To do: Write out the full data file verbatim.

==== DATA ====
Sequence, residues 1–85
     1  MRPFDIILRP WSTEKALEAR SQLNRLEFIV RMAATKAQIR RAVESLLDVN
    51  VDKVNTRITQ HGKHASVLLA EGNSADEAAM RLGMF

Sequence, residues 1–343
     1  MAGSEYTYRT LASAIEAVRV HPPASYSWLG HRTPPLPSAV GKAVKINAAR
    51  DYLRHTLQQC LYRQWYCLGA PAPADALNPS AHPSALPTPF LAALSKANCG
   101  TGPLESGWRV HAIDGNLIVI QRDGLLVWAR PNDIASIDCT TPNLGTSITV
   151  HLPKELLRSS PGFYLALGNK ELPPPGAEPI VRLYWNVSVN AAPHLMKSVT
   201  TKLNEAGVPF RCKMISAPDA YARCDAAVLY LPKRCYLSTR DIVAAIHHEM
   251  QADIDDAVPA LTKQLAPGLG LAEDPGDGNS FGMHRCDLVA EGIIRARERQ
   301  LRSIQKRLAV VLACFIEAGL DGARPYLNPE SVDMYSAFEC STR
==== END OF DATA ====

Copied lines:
Sequence, residues 1–85
     1  MRPFDIILRP WSTEKALEAR SQLNRLEFIV RMAATKAQIR RAVESLLDVN
    51  VDKVNTRITQ HGKHASVLLA EGNSADEAAM RLGMF

Sequence, residues 1–343
     1  MAGSEYTYRT LASAIEAVRV HPPASYSWLG HRTPPLPSAV GKAVKINAAR
    51  DYLRHTLQQC LYRQWYCLGA PAPADALNPS AHPSALPTPF LAALSKANCG
   101  TGPLESGWRV HAIDGNLIVI QRDGLLVWAR PNDIASIDCT TPNLGTSITV
   151  HLPKELLRSS PGFYLALGNK ELPPPGAEPI VRLYWNVSVN AAPHLMKSVT
   201  TKLNEAGVPF RCKMISAPDA YARCDAAVLY LPKRCYLSTR DIVAAIHHEM
   251  QADIDDAVPA LTKQLAPGLG LAEDPGDGNS FGMHRCDLVA EGIIRARERQ
   301  LRSIQKRLAV VLACFIEAGL DGARPYLNPE SVDMYSAFEC STR